Cyclists and city-dwellers have been using Chrome bags for years, but they're still relatively new to the camera bag game. Their latest bag, the Niko Camera Pack, is the biggest in their photographic line and is just as tough as you'd expect, but it's not without its drawbacks.
What is it?
The Niko Camera Pack is essentially a day pack. The top compartment is designed for accessories and personal belongings, while the bottom compartment is meant for camera gear. There's also a padded laptop slot along the back of the bag that can fit a 15-inch MacBook Pro.
Chrome bags have a reputation for being extremely hard to kill and the Niko is no exception. The outer shell is made from weatherproof nylon and the burly urethane zippers keep out moisture on a level up there with adventure-specific camera bags. The sturdy straps are pretty much the perfect width. They're thick enough to be comfortable even without a lot of padding, but they don't twist every time you put the bag on, like other day packs I've tested.
I thought the exterior might be easy to scuff or snag, but even when I intentionally trying to rough it up, it proved extremely resilient. The buckles are plastic, but strong, and there are metal D-rings on the front of the straps for attaching accessories.
The bag sits high on the back as you'd expect for a pack that's geared toward cycling. I actually prefer it that way. The padding in the back panel is vented to help prevent the dreaded sweaty back syndrome. The chest strap is a great addition and helps keep the bag in place, but it sits a bit too high on the chest for my taste.
Adjusting the shoulder straps is done with a pair of extremely sturdy and effective metal clasps. They hold very strong, but are easy to move around once you release them.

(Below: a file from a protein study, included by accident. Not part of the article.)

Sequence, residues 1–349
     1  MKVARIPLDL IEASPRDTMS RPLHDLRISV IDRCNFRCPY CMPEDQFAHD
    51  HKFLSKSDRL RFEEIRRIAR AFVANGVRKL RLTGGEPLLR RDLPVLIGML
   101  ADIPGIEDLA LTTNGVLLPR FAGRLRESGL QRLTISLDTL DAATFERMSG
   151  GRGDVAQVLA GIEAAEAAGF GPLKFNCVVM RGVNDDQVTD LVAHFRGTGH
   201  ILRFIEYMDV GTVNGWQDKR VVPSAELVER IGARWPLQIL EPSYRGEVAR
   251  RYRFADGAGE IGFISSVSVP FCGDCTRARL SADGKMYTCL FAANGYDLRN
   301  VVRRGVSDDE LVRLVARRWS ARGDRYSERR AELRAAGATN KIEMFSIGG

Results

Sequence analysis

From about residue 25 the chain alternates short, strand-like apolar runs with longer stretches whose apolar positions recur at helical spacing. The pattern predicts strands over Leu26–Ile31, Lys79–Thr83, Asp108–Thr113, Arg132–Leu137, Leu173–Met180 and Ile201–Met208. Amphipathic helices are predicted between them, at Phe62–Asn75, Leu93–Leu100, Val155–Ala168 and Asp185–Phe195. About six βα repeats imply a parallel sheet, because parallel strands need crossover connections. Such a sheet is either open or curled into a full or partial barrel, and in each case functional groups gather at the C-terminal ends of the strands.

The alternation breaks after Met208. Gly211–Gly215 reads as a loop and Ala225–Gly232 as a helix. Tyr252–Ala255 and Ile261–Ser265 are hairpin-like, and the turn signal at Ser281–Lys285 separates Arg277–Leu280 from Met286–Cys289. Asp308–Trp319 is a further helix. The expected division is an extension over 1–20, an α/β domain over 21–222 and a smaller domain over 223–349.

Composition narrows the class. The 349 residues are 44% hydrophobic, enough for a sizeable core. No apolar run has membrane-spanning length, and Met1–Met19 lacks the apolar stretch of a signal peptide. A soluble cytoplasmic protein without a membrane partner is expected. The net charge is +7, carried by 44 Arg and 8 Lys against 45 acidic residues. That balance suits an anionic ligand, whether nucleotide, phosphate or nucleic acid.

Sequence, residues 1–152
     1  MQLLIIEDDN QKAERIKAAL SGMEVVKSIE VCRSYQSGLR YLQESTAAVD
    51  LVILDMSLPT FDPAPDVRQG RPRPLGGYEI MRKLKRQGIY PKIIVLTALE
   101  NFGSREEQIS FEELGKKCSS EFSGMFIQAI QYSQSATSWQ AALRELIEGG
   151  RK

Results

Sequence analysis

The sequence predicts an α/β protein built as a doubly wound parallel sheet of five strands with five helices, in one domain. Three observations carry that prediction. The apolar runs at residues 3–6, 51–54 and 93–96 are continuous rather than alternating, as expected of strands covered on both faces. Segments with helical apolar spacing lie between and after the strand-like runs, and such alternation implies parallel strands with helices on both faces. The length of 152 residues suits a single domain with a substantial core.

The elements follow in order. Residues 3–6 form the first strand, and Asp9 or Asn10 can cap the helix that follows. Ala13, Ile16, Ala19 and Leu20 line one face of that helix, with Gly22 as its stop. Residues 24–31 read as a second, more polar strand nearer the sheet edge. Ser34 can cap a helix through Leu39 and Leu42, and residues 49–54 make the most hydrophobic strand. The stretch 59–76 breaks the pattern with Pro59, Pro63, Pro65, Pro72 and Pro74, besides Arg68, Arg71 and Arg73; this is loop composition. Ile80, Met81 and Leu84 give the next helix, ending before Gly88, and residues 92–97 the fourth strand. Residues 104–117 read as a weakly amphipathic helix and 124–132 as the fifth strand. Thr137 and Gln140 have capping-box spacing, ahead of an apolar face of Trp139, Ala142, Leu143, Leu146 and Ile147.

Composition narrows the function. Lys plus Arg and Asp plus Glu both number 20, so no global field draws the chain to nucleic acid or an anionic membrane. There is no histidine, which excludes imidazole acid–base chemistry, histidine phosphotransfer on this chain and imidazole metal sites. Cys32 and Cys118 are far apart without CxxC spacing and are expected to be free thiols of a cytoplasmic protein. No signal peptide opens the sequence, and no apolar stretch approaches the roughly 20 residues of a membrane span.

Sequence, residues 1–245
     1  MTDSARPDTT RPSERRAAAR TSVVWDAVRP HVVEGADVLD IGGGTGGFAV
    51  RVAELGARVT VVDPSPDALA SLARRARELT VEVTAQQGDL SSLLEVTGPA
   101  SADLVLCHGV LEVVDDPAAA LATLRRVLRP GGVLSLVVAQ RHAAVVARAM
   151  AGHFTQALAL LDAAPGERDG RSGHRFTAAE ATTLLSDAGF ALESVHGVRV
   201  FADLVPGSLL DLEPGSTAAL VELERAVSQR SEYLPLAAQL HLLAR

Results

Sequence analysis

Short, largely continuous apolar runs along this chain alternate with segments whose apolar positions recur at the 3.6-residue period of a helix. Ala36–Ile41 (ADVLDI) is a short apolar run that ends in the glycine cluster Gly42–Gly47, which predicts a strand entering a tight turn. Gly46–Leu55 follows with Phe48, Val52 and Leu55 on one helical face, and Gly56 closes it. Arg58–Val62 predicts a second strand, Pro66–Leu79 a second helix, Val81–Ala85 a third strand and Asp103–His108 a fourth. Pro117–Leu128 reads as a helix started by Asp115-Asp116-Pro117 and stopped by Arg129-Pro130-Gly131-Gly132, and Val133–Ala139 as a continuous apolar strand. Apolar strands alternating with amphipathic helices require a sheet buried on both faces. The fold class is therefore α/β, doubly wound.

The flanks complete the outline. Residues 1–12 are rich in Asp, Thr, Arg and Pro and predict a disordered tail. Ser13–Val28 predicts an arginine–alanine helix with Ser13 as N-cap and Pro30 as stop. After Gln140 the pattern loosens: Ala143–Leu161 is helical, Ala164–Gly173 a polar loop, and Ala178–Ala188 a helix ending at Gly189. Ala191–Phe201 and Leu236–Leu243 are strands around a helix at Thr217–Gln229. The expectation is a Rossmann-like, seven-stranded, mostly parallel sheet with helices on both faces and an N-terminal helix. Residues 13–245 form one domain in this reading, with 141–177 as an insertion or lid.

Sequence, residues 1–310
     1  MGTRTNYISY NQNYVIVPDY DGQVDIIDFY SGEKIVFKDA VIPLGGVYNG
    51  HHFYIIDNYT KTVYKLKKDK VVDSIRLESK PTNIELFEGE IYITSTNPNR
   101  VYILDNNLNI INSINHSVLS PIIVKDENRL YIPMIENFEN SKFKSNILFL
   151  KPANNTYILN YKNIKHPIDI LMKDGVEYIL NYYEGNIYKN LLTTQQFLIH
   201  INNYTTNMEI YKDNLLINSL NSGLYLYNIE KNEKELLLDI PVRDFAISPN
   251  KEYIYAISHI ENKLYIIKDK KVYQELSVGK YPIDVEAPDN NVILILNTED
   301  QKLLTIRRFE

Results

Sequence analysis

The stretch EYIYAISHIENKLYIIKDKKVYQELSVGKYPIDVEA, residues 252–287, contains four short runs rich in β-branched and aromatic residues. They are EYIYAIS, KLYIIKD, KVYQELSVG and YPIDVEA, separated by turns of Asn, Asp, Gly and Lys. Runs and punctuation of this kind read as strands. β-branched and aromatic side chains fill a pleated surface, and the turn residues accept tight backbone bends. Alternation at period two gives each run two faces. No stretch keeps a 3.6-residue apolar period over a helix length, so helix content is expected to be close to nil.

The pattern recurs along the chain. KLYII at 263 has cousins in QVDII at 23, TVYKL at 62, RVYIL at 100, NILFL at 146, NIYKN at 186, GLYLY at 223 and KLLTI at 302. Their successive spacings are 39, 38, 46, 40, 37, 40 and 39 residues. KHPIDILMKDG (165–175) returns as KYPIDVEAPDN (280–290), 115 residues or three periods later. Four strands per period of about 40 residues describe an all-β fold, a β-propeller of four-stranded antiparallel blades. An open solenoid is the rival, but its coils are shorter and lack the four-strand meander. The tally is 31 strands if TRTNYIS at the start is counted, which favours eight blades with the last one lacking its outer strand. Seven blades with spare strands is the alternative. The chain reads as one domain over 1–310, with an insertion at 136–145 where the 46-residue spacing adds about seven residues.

Overall, it's one of the more comfortable camera bags I've carried.
The top of the bag is a single pocket with a small pouch made of netting at the back. While you can fit a fair bit of stuff into it, the front lip of the pocket is too short, so if the bag tips over when it's not zipped, you can expect all of your stuff to go flying out onto the ground. The netted pocket is nice, but is really small. It's only big enough to fit a couple of cables and maybe a few batteries.
The laptop pocket is accessed through the main accessory pocket, so you have to unzip the entire top if you want to get your laptop out. The padding is sufficient, though, and it's a secure fit, which is important.
Other than the camera storage area (which I'll get to in a moment), that's it for pockets. If you like simple, that should be fine. But if you're the type to give everything its own assigned area, you might be left wanting.
The main camera compartment is big enough to hold a body, a flash and a couple lenses. The initial configuration is a bit awkward, perhaps lending itself a bit better to a dSLR video rig than a whole still photography setup. The pocket itself is deep enough to fit a pro DSLR or a DSLR with a lens attached, which makes it a little awkward for a standard-sized DSLR.
The smaller, square compartments easily fit a lens or a flash, but the fit isn't exactly tight, so things can shift a little in transit. The back of the bag has two strong Velcro straps that can hold either a tripod or a skateboard.